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Peter Pan Seafoods processing plant in Port Moller, Alaska, which suffered heavy damage during a fire last week.

A massive fire at the 100-year-old Peter Pan Seafoods’ Port Moller, Alaska-based salmon processing facility will cause the plant to close its doors for the 2017 season.

The fire at the plant broke out around midnight August 16, and burned into the morning, officials said.

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Power, running water and Internet connections were down in the remote community.

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Up to ten boats that deliver fish to the plant tied off to the section of the main dock that was burning and used their hoses to spray directly on the spreading fire. But neither those boats nor the plant workers on the dock were having any luck containing the blaze.

Plant workers used a fire suppression system, water lines, and hoses to battle the blaze. But these efforts proved no match for the fire fueled by old, dry timbers from the hundred-year old buildings.

“(The efforts) went on for several hours before it just got so intense. And now you’re down to where there’s fuel and there’s ammonia tanks and lines, and it gets to the point where it starts being very dangerous to be around, and there was no way to keep fighting it,” said Bob Murphy a dish and fame fishery management biologist.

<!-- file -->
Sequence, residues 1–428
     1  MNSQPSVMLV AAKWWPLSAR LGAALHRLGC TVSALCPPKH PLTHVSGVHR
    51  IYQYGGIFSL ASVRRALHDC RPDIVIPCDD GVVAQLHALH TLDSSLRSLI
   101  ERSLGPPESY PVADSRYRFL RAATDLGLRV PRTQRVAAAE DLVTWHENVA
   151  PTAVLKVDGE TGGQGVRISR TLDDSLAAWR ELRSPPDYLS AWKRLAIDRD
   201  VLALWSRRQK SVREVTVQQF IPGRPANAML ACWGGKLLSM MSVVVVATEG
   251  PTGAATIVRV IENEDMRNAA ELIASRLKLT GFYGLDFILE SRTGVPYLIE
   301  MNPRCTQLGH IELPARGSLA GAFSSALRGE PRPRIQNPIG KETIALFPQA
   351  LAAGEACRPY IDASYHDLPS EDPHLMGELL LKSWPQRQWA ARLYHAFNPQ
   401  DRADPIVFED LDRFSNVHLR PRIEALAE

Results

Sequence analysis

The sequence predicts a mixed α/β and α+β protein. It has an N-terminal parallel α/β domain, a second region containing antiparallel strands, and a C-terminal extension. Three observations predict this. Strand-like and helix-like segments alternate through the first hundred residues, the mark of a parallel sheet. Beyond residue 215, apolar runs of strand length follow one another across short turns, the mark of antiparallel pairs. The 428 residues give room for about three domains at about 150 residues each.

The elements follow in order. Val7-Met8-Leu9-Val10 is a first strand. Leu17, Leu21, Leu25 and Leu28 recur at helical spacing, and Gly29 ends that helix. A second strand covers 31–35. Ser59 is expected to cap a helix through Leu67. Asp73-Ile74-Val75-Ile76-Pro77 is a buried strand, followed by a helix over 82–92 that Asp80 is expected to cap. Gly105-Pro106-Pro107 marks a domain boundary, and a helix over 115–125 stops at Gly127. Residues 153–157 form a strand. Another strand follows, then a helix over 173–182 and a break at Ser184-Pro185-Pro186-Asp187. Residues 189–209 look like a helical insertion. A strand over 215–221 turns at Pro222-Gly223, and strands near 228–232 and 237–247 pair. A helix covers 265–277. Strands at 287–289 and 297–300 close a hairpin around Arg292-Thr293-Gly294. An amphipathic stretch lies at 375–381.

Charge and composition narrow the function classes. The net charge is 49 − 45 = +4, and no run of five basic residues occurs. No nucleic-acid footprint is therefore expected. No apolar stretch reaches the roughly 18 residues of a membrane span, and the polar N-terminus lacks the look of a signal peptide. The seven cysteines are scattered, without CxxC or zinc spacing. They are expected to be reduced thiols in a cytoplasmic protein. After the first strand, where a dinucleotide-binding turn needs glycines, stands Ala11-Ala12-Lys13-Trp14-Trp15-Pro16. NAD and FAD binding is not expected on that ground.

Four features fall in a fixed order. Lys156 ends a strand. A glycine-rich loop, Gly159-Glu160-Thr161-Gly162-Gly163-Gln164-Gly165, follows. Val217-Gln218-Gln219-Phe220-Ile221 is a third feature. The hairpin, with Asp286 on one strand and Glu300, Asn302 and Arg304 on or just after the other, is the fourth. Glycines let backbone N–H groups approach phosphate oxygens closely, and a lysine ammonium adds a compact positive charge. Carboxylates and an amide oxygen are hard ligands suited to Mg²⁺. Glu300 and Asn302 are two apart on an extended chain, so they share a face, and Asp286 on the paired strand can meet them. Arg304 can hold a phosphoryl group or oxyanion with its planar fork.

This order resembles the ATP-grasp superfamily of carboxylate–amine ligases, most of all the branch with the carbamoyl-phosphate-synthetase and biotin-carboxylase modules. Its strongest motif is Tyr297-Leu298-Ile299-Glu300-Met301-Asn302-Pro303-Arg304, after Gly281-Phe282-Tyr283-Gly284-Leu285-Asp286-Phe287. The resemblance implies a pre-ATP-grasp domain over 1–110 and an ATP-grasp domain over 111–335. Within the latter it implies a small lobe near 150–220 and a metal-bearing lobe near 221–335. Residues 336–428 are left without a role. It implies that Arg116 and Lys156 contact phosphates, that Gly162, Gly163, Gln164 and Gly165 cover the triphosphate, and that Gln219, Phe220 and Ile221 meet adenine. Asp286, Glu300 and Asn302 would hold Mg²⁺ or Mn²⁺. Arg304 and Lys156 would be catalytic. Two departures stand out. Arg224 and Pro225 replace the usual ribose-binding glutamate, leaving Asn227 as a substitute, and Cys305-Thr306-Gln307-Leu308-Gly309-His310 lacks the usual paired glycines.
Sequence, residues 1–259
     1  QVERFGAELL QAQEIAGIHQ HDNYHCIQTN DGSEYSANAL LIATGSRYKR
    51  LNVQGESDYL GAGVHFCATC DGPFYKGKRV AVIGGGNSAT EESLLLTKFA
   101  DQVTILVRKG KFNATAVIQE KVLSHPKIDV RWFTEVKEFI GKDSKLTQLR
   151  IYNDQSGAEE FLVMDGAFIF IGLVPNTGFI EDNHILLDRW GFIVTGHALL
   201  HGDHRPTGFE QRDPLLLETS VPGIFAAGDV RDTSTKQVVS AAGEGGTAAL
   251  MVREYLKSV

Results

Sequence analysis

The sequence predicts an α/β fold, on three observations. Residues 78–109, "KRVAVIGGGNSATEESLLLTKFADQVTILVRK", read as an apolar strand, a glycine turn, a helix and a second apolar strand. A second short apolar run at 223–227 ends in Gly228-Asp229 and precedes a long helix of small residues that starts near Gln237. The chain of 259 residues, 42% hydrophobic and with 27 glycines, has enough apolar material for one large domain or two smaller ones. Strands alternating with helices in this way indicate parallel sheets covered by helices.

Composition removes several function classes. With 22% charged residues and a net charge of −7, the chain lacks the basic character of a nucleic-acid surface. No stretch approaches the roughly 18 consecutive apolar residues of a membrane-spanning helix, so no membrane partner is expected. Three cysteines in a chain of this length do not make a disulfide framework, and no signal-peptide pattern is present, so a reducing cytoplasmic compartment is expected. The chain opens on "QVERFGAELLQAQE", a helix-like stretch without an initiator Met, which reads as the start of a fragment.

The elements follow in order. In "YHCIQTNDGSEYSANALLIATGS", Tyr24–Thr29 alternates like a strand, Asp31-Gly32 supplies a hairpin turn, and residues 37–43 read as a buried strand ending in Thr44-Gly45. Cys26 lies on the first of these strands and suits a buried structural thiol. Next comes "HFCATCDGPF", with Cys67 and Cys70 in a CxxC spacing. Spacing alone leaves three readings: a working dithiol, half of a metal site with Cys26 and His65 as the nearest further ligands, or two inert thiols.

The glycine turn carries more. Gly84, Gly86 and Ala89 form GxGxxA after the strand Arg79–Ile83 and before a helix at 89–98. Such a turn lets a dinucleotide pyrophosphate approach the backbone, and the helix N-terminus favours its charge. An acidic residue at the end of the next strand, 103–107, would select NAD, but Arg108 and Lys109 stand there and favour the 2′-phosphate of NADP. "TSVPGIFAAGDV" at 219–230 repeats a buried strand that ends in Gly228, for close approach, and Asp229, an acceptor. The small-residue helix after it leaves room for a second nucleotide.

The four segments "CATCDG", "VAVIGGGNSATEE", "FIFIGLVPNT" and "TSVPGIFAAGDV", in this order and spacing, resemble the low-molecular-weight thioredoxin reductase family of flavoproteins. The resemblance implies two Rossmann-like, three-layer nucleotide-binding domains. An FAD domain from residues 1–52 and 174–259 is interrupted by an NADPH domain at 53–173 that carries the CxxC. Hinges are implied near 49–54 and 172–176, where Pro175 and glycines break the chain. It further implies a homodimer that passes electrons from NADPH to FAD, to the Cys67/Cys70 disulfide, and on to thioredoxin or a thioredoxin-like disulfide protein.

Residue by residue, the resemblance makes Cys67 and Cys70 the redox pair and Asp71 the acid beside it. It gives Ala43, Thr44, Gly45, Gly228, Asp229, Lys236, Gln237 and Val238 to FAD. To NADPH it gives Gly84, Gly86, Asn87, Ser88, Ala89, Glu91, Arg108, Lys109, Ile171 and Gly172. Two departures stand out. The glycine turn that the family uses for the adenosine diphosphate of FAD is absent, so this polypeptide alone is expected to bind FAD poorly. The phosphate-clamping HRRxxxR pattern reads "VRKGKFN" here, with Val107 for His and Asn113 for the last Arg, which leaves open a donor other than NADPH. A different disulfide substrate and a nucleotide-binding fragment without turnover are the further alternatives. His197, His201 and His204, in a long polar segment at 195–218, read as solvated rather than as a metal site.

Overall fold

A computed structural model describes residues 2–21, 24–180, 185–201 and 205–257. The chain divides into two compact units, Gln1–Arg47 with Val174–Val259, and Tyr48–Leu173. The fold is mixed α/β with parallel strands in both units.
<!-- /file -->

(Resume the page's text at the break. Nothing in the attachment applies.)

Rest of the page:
On Wednesday, August 16, Peter Pan crews cut the dock away from the shore to contain the fire, and it appears the remaining warehouses and bunkhouses on shore were spared damage.

While Maruha Nichiro-owned Peter Pan did not list the cause of the fire, it said “damage from the fire is extensive enough to halt operations for the remainder of the 2017 season.”

All crew and personnel are reported safe and uninjured, Peter Pan said.

Peter Pan claimed land at Port Moller in 1917 and began building the cannery there, which is open from May till September, according to its company website. Peter Pan Port Moller could process about a quarter-million pounds of salmon a day, primarily sockeye, shipping it out as frozen fillets or H&G.

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